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Smallness of the human Y chromosome

Rich Cooper richcooper1 at mindspring.com
Wed Nov 1 16:47:43 EST 2000


It seems to me that this hypothesis could be mathematized rather easily
into a few differential equations, and plotted, to see if the system is
stable at Y% male and X% female.

-Rich Cooper


Laurence Martin Cook <LCOOK at fs1.scg.man.ac.uk> wrote in message
news:8tplkg$j4i$1 at mercury.hgmp.mrc.ac.uk...
> In mosquitoes (Aedes) there are M-linked (= Y-linked) meiotic drive
> genes and suppressor genes on the m (or X) chromosome.  Numerous
> evolutionary events seem to have taken place, so that inter-
> population crosses produce sex ratio distortion while intra-
> population crosses do not, or do so to a much lesser extent.  The Mm
> chromosomes are equally large and carry many other loci.
>
> Laurence
>
>
>
> > Andrew Gyles  <syzygium at alphalink.com.au> wrote:
> >
> > >Under natural selection a human population in which the males had
> > >the 'anti-X gamete' Y chromosome would suffer the disadvantages of a
> > >surplus of males and a scarcity of females. In the long run natural
> > >selection would favour subsequent mutants of the 'anti-X gamete' Y
> > >chromosome in which those mutant genes that discriminated against the
> > >production of X-bearing gametes in spermatogenesis or sperm maturation
> > >were deleted or rendered inactive.
> >
> > This is the step in the argument that I doubt.  A Y chromosome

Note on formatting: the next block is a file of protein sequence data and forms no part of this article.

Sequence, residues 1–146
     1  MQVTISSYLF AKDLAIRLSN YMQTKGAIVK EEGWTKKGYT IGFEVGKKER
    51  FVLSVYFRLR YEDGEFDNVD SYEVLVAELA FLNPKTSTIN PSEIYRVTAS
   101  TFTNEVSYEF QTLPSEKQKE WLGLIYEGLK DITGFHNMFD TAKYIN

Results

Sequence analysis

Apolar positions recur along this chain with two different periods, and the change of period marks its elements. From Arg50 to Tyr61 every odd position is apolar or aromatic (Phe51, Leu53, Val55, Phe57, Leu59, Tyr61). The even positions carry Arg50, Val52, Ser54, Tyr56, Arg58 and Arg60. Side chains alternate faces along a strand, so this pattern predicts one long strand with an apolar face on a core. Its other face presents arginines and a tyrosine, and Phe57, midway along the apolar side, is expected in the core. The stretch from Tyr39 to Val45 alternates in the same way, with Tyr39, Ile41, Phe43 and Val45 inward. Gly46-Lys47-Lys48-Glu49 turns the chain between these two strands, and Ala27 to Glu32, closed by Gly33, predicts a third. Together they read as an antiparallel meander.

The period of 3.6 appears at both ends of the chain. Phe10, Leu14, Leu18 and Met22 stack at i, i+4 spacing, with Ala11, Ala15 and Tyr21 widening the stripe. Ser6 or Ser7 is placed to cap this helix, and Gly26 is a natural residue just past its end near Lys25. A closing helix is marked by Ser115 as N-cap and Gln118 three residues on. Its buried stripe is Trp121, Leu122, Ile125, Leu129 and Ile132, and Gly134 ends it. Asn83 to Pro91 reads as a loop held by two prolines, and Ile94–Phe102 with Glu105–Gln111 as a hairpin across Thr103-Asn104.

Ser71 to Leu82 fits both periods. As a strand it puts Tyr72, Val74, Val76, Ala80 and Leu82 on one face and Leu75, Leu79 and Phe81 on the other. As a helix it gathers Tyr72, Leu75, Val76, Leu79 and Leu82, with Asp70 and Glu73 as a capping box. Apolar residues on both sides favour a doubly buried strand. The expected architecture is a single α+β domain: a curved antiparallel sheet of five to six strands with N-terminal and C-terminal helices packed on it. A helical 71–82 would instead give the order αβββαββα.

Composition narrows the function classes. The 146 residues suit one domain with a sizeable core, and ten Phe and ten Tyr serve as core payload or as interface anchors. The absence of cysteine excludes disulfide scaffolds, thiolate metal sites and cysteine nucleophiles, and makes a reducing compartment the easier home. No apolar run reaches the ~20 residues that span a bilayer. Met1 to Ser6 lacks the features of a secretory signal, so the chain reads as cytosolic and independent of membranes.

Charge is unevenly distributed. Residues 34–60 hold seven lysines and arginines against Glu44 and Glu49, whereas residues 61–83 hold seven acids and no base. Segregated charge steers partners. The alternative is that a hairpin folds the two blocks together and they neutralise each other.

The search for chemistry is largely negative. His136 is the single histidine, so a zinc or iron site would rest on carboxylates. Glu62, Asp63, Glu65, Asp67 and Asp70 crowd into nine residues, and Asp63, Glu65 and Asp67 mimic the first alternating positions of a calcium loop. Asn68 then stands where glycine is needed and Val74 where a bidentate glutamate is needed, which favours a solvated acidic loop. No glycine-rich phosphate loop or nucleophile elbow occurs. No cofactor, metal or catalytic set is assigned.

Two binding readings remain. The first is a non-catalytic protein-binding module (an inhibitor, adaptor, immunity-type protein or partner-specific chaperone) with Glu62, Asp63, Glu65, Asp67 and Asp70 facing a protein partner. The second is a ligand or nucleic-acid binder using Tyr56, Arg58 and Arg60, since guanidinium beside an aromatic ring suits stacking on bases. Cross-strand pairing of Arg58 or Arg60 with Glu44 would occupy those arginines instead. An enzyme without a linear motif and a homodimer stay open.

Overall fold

> > with meiotic drive *always* has a local advantage over one without,
> > even when the population as a whole is suffering badly from
> > excessive males.  Group selection might possibly be able to
> > push down the frequency of driven Y, but even if one accepts that
> > group selection is a realistic possibility here, it tends to be
> > weak and slow compared to individual selection.
> >
> > On the other hand, the X and the autosomes see a straightforward
> > advantage in not allowing the Y they're with to push them into
> > a male zygote when males are wildly overrepresented, so X and
> > autosomal suppressors are straightfowardly advantageous.  It
> > seems to me, therefore, that the usual way a driven Y stops being
> > driven is that a non-Y suppressor becomes fixed, not that the
> > drive locus is damaged or deleted.
> >
> > There are a fair number of observations of meiotic drive in the
> > literature; you could look for references to suppressors/revertants
> > and see what chromosome they're on.  I'd predict they're usually
> > not on the Y.
> >
> > Mary Kuhner mkkuhner at genetics.washington.edu
> >
> >
> > ---
> >
> >
> >
> > Laurence M. Cook
> The Manchester Museum
> University of Manchester
> Manchester M13 9PL U.K.
> and:_lcook2 at excite.com
>
>
> ---
>
>









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